When you only have the single large goal of getting a job, you aren’t going to feel like you are making any progress while preparing for interviews. However, if you break that larger goal into small goals (such as solving one SQL problem a day), you can see yourself making progress which will encourage you to keep going.
If you aren’t used to setting small goals, I highly recommend the book Atomic Habits. It’s a great read and will teach you how to set small daily goals and celebrate small wins better than I can outline here.
If you aren’t convinced yet, here are just a few reasons that small goals are helpful.
- Small goals are easier to start. It’s not as frightening to take the first step.
- Small goals are easier to achieve with time limits and juggling priorities. You can feel accomplished even when you cannot devote 100% of your time and effort to the goal.
- Small goals build habits. They encourage you to do a bit each day rather than trying to accomplish everything at once.
Setting small goals will help you track your progress and stay motivated so that you can eventually reach that large goal of landing a job.
Now, keep reading because I have just a few more tips for dealing with other problems that might occur when studying for interviews!
Dealing with Limited Time
You might be thinking that also this planning and goal setting sounds great, but what do you do if you are in a time crunch? Do you need to simply cram and try to memorize as much information as possible?
The only way to master something is by repetition and practice. That’s why I believe it is a bad idea to throw out the study plan just because you have limited time. You still need review sessions. Always study two subjects at once, even with limited time, so that you will be getting review.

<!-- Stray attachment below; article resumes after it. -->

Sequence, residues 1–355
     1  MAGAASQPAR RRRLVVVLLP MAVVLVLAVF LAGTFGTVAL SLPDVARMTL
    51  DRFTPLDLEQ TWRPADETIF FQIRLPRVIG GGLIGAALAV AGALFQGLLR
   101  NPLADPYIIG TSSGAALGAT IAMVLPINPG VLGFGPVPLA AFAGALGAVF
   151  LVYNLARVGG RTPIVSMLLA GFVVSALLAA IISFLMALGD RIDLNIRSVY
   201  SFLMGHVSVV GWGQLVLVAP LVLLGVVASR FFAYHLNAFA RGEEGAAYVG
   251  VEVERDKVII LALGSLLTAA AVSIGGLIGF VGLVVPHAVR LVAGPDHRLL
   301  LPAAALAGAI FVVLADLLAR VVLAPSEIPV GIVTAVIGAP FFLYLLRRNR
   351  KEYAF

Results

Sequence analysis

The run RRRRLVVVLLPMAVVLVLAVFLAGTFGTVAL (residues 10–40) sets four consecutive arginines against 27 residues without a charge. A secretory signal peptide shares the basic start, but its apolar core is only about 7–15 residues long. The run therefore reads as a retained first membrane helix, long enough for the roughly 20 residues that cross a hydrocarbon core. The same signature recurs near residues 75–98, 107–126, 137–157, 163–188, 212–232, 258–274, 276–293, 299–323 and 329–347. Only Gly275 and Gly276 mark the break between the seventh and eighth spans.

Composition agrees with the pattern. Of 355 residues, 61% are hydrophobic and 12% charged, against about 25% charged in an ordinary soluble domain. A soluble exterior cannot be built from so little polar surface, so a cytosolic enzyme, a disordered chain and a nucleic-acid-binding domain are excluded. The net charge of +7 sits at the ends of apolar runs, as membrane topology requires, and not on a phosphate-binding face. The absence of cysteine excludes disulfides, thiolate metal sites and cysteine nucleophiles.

There’s still another problem that many people face when studying: feeling stuck. What do you do if you can’t solve a problem or don’t understand a concept?
It’s important to remember the 80/20 rule which states that you spend 20% of your time studying 80% of the things and the other 80% of the time grinding and diving into rabbit holes. We all let small things eat up our study time.
This means that when you get stuck, it’s usually better to move forward anyway. Instead of getting caught up in the 20% details you don’t get, you should continue studying that 80% to get more coverage. Be willing to move on when you feel stuck. It’s better for your studying overall.
That does not mean that you should skip it entirely. Come back later, and if you are really stuck, try asking your friends for help. Quora can also be a helpful resource.
Those are my tips for studying efficiently! I do have one final thing to leave with you though. Always remember there is no failure, only feedback.
You are going to face rejection in your job search, and how you handle it will have an impact on your overall journey. Keep studying and practicing, and treat everything as a learning experience!
If you enjoyed this post and want to read more, check out the longer version here.